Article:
Friday, Jan. 11, 2002. Page 5
Putin Tells PM: Sell VTB Stake to EBRDBy Victoria Lavrentieva
Bitter divisions between top government and Central Bank officials over the fate of Vneshtorgbank, a prime asset in the banking sector with some $4 billion in assets, are growing more pronounced.
President Vladimir Putin, at the urging of Central Bank chairman Viktor Gerashchenko, recently issued an internal memo to Prime Minister Mikhail Kasyanov asking the government to accelerate the sale of a 20 percent stake in Vneshtorgbank, or VTB, to the European Bank of Reconstruction and Development, Kommersant reported Thursday.
Gerashchenko has said he hopes to get some $300 million for the stake in VTB, which is 100 percent owned by the Central Bank, and is eagerly pursuing the sale.
But Kasyanov wants the government to have final say over the fate of the former Soviet trade bank. Under the banking reform plan signed by Kasyanov last year, the Central Bank must divest its stake in VTB by the end of this year, and Kasyanov wants to wait until then to make a final decision on the sale.
Interfax quoted a source in the government as saying Thursday that the government is heeding Putin's request and the topic will be discussed at a Cabinet meeting later this month.
Analysts called the development a clear political victory for Gerashchenko.
"The deal with VTB is at the center of a fight between several political figures," said Mikhail Matovnikov, deputy general director with the Interfax Ratings Agency.
Gerashchenko wants the EBRD to buy the stake because it rarely interferes in management decisions, meaning the Central Bank would likely maintain control of VTB. The Central Bank would also like to get back some of the $1.5 billion it has granted VTB since the 1998 financial crisis, he said.
Kasyanov, for his part, by delaying the sale, is defending the interests of another state-owned bank, Vneshekonombank, which soon will be split into a commercial bank and an agency to service Soviet-era debts, a move in line with Cabinet decisions on banking reform.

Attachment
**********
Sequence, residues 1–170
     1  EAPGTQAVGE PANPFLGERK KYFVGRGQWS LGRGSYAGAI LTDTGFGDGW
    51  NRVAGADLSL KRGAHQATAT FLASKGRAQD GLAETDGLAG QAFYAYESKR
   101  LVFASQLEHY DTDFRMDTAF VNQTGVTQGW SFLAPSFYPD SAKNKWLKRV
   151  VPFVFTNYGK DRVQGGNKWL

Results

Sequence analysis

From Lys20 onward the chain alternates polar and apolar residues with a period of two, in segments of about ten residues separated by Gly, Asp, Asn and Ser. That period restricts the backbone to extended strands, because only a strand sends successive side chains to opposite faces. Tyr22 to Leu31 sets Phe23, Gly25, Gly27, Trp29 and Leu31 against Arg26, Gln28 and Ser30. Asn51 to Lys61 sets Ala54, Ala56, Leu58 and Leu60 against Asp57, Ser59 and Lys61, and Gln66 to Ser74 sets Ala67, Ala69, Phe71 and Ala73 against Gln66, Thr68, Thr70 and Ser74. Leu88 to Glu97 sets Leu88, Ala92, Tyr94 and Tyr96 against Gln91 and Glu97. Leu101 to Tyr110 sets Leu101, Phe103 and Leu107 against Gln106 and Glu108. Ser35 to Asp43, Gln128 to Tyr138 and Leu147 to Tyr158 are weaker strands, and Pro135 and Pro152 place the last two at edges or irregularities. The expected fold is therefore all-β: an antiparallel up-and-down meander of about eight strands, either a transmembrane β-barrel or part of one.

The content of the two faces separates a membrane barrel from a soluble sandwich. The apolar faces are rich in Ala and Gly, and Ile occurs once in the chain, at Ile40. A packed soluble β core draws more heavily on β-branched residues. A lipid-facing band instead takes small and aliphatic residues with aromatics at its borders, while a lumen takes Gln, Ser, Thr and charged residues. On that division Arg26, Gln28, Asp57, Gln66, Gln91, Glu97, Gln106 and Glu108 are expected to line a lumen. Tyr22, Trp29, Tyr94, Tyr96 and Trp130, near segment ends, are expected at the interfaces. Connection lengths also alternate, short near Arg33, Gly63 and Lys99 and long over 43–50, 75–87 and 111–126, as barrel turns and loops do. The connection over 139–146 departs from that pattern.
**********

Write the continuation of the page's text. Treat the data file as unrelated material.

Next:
Following the revamp, Vneshekonombank's commercial operations could rival Vneshtorgbank as a new means of servicing foreign trade.
The EBRD also has an interest in the deal: It is a major supporter of financial-sector reform and hopes to see the Central Bank get rid of its stakes in commercial banks.
The EBRD contends the deal would be a benchmark event for the Russian banking sector as a whole, helping to attract foreign investors.
Yet, some analysts say much will depend on who will be VTB's major shareholder.
"The EBRD is too neutral as an investor, so this decision alone won't change anything," Matovnikov said. "But if it will help bring a real strategic investor interested in building its own business in Russia, then it means a lot.
"You don't need to think twice to understand that Gerashchenko won't be interested in any changes since he may well be looking for a quiet place to work after his retirement from the Central Bank [by the end of the year]."